• Frequently Asked Questions Regarding Potential Side Effects of EAB Insecticides pdf (PDF, 311KB)
    February 2011
    Research and Extension Specialists from Michigan State University, the Ohio State University OARDC and Extension, and University of Minnesota Extension have put together a comprehensive publication that addresses questions and concerns regarding insecticide use to control emerald ash borer.
  • Control of Emerald Ash Borer with Microbial Insecticidespdf (PDF, 0.05MB)
    Revised 4/14/04
    Leah S. Bauer, Houping Liu, and Deborah L. Miller - studying the efficacy of registered microbial insecticides for EAB control in environmentally sensitive habitats
  • Evaluation of Perma Guard D-20 and Imidacloprid to Control Emerald Ash Borerpdf (PDF, 0.02MB)
    Robert A. Haack and Toby R. Petrice - This study tested the effectiveness D-20 by Perma Guard (Albuquerque, NM) in controlling emerald ash borer
  • Research abstracts and other information addressing the EAB problem in North America.

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Survey Research

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Research in Russia

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Survival of EAB

  • Risk Assessment of the Movement of Firewood within the United Statespdf (PDF, 3,315 KB)
    May 2010 - USDA APHIS
    Exotic and native forest pests such as Agrilus planipennis (emerald ash borer), Anoplophora glabripennis (Asian longhorned beetle), and others cause serious damage to urban and natural forests in the United States. These pests and many others disperse various distances through multiple pathways including movement of nursery stock and firewood. Firewood is a raw forest product that is widely utilized and moved throughout the United States with relatively limited consideration of the potential pests within or the associated risks. We conducted an assessment and examined factors that may affect the risk associated with the movement of firewood such as users, movement, insects and diseases, potential impact to natural and urban forests, and trends in firewood use.
  • Emerald Ash Borer Survival in Firewoodpdf (PDF, 0.03MB)
    2003 - Robert A. Haack and Toby R. Petrice
    This study looked at firewood infested with emerald ash borer, to determine the survival rate.
  • Survival of Emerald Ash Borer in Chipspdf (PDF, 0.02MB)
    2003 - Deborah G. McCullough, Therese M. Poland and David Cappaert
    This study was to determine survival of EAB in chips of different sizes.

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Biosurveillance

  • Cerceris fumipennis? pdf (PDF, 2MB)
    2009 - A Biosurveillance Tool for Emerald Ash Borer. Canadian Food Inspection Agency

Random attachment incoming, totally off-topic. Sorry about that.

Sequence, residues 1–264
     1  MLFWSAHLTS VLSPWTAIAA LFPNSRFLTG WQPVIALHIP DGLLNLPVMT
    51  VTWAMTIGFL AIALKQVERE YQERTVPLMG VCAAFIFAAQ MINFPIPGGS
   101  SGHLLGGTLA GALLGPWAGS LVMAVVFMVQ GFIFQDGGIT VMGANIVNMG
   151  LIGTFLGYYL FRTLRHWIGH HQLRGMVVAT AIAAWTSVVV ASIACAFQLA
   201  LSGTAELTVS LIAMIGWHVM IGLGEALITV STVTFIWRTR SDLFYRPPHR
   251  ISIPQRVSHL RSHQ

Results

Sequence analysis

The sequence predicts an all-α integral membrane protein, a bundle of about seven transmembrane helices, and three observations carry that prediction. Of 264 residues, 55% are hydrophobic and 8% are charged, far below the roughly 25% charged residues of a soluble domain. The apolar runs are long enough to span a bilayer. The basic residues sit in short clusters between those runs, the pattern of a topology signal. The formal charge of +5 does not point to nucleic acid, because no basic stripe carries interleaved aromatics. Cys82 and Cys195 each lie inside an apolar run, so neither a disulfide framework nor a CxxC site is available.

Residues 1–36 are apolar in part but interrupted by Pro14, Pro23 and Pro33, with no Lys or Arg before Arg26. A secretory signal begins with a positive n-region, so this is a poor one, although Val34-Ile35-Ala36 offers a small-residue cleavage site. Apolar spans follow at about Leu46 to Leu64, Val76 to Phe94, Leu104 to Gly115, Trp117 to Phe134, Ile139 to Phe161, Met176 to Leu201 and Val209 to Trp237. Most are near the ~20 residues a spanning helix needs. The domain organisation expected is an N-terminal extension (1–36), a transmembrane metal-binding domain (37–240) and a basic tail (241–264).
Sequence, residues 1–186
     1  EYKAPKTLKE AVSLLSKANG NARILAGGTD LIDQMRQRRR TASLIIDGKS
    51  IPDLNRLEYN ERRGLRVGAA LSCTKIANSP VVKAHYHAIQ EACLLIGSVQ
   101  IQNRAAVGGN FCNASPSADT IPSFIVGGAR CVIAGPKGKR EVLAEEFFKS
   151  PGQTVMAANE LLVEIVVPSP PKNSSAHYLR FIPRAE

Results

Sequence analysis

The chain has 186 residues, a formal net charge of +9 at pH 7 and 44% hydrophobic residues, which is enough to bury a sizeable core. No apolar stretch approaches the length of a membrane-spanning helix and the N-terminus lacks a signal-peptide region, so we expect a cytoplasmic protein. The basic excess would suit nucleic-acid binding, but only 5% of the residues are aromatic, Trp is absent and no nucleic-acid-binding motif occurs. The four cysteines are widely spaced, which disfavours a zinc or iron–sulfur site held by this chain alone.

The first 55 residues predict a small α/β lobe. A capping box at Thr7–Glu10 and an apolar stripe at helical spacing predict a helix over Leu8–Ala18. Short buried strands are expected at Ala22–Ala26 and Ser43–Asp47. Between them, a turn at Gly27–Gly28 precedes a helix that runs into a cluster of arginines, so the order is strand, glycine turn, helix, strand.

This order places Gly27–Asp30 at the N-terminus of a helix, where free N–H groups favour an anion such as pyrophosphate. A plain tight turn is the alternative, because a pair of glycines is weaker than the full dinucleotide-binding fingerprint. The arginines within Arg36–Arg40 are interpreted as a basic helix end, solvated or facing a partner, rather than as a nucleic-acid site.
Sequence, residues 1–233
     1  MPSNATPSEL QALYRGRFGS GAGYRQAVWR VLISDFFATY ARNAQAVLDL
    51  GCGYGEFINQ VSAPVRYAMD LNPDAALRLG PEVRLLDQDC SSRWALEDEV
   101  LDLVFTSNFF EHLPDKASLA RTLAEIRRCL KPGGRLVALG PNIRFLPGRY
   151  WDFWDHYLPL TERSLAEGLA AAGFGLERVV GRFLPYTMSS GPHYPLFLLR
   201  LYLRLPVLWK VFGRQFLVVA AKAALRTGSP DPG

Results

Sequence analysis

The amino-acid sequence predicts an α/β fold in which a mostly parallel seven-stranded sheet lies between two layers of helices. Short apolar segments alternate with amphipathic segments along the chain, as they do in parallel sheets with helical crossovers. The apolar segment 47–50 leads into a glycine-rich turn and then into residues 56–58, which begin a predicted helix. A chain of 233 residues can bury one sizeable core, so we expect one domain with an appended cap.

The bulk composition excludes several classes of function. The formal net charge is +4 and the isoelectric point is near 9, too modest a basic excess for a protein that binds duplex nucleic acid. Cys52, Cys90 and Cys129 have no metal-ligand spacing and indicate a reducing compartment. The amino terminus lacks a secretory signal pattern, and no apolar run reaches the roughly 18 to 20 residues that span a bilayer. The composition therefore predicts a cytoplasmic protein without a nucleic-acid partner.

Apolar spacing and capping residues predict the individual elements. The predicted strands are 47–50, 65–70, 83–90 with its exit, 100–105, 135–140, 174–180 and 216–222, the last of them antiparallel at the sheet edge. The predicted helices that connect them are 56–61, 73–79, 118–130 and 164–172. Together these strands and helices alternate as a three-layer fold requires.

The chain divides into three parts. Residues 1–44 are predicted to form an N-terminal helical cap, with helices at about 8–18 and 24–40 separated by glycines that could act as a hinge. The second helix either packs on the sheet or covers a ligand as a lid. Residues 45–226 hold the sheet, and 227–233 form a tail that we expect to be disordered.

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Dispersal Information

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Host Range Information

  • Host Range of Emerald Ash Borerpdf (PDF, 0.02MB)
    Robert A. Haack, Toby R. Petrice, Deborah L. Miller, Leah S. Bauer and Nathan M. Schiff
    In 2003, foliage of several trees and shrubs as food for emerald ash borer (EAB), Agrilus planipennis Fairmaire, adults were evaluated in a series of no-choice and choice tests that were conducted indoors in Michigan
  • Host Range and Host Preference of Emerald Ash Borerpdf (PDF, 0.02MB)
    2003 - Deborah G. McCullough, Andrea Agius, David Cappaert, Therese Poland, Debbie Miller and Leah Bauer
    Our first objective is to evaluate alternate species of concern to determine whether they are acceptable to ovipositing adult beetles and whether they are suitable for larval development. We also assessed alternate hosts with a series of field tests.

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Economic Impact

  • Economic Impacts of Non-Native Forest Insects in the Continental United Statespdf (PDF, 245KB)
    January 2013 - Juliann E. Aukema, et. al.
    The article examines how they developed a novel modeling approach that maximizes the use of available data, accounts for multiple sources of uncertainty, and provides cost estimates for three major feeding guilds of non-native forest insects. For each guild, they calculated the economic damages for five cost categories and estimated the probability of future introductions of damaging pests.
  • EAB Economic Impact (OSU)pdf (PDF, 0.10MB)
    January 2007 - Matt Bumgardner, Drew Todd and Davis Syndor, the Ohio State University
    Outlines the potential economic impacts of EAB on Ohio, U.S., and communities.

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Ash Tree Genetics and Ecology